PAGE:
Young people may be discouraged from carers in nursing by watching TV hospital dramas full of staff acting unprofessionally, the head of a widely criticised hospital has said.
Antony Sumara is the new chief executive of Mid Staffordshire NHS Foundation Hospital Trust, where a report found “appalling” standards of care earlier this year.
Mr Sumara said shows such as Casualty were entertaining but off-putting for potential nurses, as they show staff breaching patient confidentially by discussing cases within earshot of the patient or downloading confidential files.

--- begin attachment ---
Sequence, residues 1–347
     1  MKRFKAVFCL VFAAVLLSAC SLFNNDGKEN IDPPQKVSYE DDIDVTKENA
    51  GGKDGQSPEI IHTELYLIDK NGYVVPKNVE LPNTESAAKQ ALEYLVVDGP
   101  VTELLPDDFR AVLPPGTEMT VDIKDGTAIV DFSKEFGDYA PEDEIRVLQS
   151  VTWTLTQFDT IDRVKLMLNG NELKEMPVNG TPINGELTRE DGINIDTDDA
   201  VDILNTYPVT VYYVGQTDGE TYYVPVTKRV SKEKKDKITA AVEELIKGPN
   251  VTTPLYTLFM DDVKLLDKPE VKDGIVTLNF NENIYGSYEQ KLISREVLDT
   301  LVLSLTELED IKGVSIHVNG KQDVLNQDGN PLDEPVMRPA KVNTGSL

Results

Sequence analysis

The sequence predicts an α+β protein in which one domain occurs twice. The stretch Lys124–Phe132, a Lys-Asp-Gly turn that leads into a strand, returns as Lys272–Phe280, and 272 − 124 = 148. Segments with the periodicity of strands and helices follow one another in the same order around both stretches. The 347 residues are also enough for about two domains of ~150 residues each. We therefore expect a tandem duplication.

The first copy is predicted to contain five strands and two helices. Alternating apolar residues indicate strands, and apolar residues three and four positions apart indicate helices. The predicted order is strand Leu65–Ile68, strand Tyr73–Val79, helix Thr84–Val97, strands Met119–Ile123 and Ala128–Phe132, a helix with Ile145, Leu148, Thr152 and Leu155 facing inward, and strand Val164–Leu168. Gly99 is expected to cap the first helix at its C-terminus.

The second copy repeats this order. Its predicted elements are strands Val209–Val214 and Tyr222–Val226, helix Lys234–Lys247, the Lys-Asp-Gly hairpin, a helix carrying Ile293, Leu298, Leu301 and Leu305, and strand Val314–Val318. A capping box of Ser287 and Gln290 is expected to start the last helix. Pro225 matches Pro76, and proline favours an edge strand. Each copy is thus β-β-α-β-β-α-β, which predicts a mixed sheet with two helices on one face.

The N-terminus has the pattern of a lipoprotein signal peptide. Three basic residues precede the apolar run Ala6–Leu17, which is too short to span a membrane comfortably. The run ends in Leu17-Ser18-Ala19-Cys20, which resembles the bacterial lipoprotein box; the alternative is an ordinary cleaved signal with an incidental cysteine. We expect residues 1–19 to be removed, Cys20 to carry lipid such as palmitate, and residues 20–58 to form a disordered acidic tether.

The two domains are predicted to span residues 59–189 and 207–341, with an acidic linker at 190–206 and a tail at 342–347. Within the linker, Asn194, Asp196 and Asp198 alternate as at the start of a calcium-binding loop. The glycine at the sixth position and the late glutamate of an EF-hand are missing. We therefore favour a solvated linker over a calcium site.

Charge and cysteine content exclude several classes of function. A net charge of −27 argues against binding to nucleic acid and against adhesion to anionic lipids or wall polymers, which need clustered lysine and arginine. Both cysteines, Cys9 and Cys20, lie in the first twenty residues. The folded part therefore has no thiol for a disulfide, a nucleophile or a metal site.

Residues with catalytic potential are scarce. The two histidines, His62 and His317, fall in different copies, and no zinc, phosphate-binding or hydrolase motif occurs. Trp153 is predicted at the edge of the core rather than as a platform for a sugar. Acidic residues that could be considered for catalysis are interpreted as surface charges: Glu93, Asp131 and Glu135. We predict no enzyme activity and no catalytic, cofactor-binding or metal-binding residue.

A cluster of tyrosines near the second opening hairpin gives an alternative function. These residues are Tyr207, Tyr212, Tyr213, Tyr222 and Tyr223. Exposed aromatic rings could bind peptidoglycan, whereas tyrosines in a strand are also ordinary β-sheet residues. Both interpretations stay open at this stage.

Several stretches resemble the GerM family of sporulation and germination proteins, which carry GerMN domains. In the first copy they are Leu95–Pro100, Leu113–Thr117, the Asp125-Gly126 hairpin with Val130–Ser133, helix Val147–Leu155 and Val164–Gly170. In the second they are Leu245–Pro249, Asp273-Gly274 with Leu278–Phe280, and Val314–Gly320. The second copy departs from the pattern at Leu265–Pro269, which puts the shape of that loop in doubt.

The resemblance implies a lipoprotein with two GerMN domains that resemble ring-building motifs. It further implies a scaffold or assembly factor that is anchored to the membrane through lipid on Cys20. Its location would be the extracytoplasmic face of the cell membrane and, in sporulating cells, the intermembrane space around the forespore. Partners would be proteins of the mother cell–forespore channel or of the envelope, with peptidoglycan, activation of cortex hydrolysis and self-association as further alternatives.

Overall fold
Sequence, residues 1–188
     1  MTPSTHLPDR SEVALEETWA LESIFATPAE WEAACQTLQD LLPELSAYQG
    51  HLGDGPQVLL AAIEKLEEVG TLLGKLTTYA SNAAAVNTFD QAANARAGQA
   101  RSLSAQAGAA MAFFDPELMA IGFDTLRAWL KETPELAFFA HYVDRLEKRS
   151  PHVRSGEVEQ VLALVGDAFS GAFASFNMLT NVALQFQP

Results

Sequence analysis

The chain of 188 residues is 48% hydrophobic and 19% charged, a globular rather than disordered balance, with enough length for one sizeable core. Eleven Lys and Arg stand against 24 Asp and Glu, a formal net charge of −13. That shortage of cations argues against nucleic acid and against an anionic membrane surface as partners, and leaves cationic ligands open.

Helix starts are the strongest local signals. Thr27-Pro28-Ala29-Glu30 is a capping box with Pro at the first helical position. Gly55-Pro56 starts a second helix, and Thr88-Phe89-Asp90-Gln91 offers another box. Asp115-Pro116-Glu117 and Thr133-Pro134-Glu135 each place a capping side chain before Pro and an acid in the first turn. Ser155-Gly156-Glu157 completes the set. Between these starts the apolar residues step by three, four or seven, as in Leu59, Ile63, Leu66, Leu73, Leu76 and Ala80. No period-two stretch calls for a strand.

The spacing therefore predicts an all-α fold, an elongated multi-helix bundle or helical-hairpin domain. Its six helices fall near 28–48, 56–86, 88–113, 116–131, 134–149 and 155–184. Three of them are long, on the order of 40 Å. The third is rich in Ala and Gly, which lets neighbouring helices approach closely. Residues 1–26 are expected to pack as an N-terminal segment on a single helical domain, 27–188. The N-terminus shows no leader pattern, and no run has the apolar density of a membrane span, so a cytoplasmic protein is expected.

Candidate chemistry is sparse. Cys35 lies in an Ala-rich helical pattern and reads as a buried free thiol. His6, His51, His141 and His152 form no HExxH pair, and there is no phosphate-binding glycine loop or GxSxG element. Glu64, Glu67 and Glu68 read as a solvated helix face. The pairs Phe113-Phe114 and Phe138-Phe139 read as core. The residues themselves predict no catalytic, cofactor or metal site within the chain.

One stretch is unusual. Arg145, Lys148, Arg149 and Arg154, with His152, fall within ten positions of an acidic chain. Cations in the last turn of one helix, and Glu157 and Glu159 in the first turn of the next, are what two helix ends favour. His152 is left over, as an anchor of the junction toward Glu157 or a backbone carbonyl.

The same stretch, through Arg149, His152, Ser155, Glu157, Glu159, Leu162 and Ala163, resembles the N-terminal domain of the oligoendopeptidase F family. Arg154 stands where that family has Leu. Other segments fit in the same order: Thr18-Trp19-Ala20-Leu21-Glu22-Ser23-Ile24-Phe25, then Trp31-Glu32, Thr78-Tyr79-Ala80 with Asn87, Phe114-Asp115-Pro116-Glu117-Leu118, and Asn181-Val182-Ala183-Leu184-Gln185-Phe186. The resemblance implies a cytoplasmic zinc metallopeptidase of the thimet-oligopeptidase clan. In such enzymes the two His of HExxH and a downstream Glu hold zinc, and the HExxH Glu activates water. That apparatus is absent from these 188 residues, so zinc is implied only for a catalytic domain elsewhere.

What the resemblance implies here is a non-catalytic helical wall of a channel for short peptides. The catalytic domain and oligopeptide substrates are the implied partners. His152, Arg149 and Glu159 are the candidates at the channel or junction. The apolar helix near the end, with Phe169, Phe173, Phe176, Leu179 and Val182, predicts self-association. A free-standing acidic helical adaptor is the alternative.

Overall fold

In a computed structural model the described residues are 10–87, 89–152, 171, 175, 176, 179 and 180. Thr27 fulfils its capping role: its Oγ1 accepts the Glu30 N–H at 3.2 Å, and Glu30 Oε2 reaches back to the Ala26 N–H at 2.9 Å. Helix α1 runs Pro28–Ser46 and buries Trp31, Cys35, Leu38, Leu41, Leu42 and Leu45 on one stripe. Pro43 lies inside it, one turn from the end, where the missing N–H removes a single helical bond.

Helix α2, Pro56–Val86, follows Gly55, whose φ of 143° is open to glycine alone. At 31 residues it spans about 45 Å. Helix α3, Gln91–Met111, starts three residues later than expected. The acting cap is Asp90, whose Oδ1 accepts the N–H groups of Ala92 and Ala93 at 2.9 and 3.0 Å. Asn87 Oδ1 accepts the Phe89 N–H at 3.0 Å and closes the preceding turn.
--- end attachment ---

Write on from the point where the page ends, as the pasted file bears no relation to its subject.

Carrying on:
On the BBC website’s Scrubbing Up column, he wrote: “What impression of a career in the NHS is set in the minds of young people aspiring to be the future generation of nurses, doctors or chief executives when they watch programmes filled with unprofessionalism and poor conduct?”
Mr Sumara called on programme-makers to create “a true picture of hospital life”.
He said: “Nurses and doctors have a difficult enough job at the best of times without having to live up to inappropriate role models but perhaps a group of individuals working hard together to save lives and improve the health of its patients in a caring and conscientious manner is just not good TV?”